How important was your participatory approach to telling the story?
Very important. I looked to swim with Lewis, my underwater housing in tow, for as long as possible during each of the 7 swims for two reasons. One, if any of you have swum before you'll know how lonely and detached this form of exercise is and so I wanted to try get the layman at home to relate to this swimmer perspective. And two, coupled with the obvious fact that the world beneath the surface looks and feels vastly different to that above, the purpose of the expedition was to raise awareness to as much beauty as well as destruction in each of the 7 Seas marine environs.   

What gear did you use?
In the water I mostly shot with Nikon D800 and a 16mm fisheye in an SPL housing.

Any tips on how to shoot with a waterproof housing?
Two things. One, remember saliva and saltwater are your two best ingredients in making a solution that prevents water droplets from sticking to your lens port. And two, remember your underwater housing is very buoyant and so if you plan on shooting below the surface then you likely to need a weight belt to keep you down.

What’s next?
Let's just say I have started to do some cold swim water training!

Check out Kelvin Trautman's Website and Instagram account!

Shooting sports events with Jesper Grønnemark

Thinking of becoming an event photographer? Join Jesper Grønnemark as he heads off to shoot a sports event – from location-scouting to gear, to positioning and final selection, find out what it takes to shoot an event and get a good idea of what you can expect! 

Visit Jesper's website or find him on Facebook.

Black and white photography in skateboarding

In this video, Red Bull Illume photographer Fred Mortagne talks us through his passion for shooting black and white film and why he prefers to capture images that are not perfect replicas of reality. Despite his passion for analog, the Leica M Monochrom has tempted him to convert to shooting black and white digital as well. 

Making of: Infrared photography

Watch Danish photographer Esben Zøllner Olesen discuss his basic workflow when shooting infrared images with an IR-converted DSLR camera. Infrared photography may seem quite daunting, but Esben Zøllner Olesen delivers insight and tips for every stage of the process, right from gear setup to post-processing to create a nice overview of the technique which can capture some stunning results.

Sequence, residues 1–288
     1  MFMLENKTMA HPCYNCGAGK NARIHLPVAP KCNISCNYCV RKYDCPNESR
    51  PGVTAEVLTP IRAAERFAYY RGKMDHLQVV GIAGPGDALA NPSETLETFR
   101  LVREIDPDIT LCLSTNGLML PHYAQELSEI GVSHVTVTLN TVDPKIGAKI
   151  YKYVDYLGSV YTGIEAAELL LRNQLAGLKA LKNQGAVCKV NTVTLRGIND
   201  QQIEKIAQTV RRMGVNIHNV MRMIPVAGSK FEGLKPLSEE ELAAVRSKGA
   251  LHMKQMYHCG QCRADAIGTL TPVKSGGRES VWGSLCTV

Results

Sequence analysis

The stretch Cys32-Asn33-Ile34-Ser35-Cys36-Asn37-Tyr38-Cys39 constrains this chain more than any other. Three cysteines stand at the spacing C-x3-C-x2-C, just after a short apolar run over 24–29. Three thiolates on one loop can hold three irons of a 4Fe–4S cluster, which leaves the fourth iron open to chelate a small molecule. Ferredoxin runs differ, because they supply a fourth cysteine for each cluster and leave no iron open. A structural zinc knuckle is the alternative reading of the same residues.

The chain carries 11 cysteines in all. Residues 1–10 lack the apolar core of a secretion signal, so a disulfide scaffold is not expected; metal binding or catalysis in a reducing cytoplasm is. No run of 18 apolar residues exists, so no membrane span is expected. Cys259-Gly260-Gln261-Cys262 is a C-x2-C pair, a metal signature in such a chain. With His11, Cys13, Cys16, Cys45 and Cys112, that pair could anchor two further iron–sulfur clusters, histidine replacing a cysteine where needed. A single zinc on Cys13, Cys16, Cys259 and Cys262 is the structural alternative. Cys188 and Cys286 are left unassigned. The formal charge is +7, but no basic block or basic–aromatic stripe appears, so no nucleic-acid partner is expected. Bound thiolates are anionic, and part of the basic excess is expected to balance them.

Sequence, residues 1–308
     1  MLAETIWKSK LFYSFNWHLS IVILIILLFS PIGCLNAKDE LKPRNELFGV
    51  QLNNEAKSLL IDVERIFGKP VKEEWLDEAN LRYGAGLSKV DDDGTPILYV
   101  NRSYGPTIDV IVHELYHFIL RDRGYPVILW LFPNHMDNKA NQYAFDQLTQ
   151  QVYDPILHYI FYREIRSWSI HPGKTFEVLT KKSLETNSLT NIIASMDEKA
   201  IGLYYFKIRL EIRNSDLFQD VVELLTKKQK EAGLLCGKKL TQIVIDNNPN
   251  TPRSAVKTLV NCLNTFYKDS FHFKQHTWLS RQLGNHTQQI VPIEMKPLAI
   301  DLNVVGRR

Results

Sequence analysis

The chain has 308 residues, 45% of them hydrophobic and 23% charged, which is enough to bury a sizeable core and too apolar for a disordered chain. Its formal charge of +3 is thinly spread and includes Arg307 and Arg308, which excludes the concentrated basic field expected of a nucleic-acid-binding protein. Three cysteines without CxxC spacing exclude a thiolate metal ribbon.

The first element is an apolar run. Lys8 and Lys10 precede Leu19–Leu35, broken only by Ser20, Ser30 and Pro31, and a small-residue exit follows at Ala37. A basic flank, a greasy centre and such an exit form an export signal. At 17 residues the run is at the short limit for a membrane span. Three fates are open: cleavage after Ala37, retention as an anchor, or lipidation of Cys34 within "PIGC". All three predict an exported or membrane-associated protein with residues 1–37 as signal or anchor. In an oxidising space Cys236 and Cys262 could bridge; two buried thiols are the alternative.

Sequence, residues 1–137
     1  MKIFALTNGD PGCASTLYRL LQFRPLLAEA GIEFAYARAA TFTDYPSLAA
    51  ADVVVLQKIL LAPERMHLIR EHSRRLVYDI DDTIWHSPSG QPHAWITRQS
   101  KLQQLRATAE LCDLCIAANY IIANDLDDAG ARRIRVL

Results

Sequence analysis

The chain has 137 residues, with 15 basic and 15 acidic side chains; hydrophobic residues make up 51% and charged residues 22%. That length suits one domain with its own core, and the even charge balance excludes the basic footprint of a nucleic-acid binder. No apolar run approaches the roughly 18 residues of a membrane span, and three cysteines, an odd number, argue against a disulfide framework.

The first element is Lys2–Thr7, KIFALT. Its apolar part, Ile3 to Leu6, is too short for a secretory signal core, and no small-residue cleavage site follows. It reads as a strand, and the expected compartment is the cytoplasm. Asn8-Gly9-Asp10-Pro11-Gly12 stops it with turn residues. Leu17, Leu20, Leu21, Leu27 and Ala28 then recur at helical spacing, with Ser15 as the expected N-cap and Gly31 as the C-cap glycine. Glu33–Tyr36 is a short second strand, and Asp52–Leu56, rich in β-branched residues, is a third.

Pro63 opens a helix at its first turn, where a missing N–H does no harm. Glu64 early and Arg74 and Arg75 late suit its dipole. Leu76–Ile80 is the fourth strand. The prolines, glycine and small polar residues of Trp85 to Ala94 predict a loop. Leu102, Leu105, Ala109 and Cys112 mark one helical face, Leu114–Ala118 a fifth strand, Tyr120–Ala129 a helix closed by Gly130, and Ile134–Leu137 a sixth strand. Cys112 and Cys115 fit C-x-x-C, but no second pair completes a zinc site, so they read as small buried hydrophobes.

Photo credits: Esben Zøllner Olesen

© Esben Zøllner OlesenRed Bull
© Esben Zøllner OlesenRed Bull
© Esben Zøllner OlesenRed Bull
© Esben Zøllner OlesenRed Bull
© Esben Zøllner OlesenRed Bull
© Esben Zøllner OlesenRed Bull

The Dark Night: a 3D-printed sequence

Red Bull Illume photographer Dan Vojtěch has spent the last 4-5 months working on a 3D-printed miniature model of a wakeboarder sequence shot. The project has finally been released – and Dan explains how it all went down: 

“I was doing a personal project for 3DGang print company and I saw a creative opportunity with this technology!

First, I had the idea to have shoot with a small 3D-printed figure – but soon the idea developed into a sequence shot. I phoned wakeboarder Zuzana Vrablova, who loved the idea and came to Prague.

We planned the concept together and decided to shoot 8 or 9 different poses for different moments of the sequence. As each ‘frame’ of the sequence had to be shot individually, Suzanna had to imagine what the correct position was – we had a big screen so she could check her body position was correct after each shot!

Afterwards, we printed the models – I was surprised at how much handiwork was required – the figures were fragile and also needed a kind of glue to make them harden. We also added colours, of course. 
The finishing touches came in building a cityscape at night and we also threw in the dry ice to create the moody smoky effect!”

Check out the BTS images below on how it all went down!

© Dan Vojtěch
© Dan Vojtěch
© Dan Vojtěch
© Dan Vojtěch
© Dan Vojtěch
© Dan Vojtěch
© Dan Vojtěch
© Dan Vojtěch
© Dan Vojtěch
© Dan Vojtěch
© Dan Vojtěch
© Dan Vojtěch
© Dan Vojtěch
© Dan Vojtěch
© Dan Vojtěch
© Dan Vojtěch
© Dan Vojtěch
© Dan Vojtěch
© Dan Vojtěch